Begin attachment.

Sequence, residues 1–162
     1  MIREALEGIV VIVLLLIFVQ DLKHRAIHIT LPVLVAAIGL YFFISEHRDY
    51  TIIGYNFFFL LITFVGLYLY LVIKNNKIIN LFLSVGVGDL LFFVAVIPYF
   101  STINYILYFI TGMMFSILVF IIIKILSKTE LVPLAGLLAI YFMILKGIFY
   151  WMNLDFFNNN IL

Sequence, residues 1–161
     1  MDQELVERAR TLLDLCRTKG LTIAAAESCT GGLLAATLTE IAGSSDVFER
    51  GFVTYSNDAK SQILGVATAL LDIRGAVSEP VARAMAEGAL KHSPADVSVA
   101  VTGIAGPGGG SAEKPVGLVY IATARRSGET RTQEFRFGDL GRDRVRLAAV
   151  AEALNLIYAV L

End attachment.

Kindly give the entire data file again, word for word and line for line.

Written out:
Sequence, residues 1–162
     1  MIREALEGIV VIVLLLIFVQ DLKHRAIHIT LPVLVAAIGL YFFISEHRDY
    51  TIIGYNFFFL LITFVGLYLY LVIKNNKIIN LFLSVGVGDL LFFVAVIPYF
   101  STINYILYFI TGMMFSILVF IIIKILSKTE LVPLAGLLAI YFMILKGIFY
   151  WMNLDFFNNN IL

Sequence, residues 1–161
     1  MDQELVERAR TLLDLCRTKG LTIAAAESCT GGLLAATLTE IAGSSDVFER
    51  GFVTYSNDAK SQILGVATAL LDIRGAVSEP VARAMAEGAL KHSPADVSVA
   101  VTGIAGPGGG SAEKPVGLVY IATARRSGET RTQEFRFGDL GRDRVRLAAV
   151  AEALNLIYAV L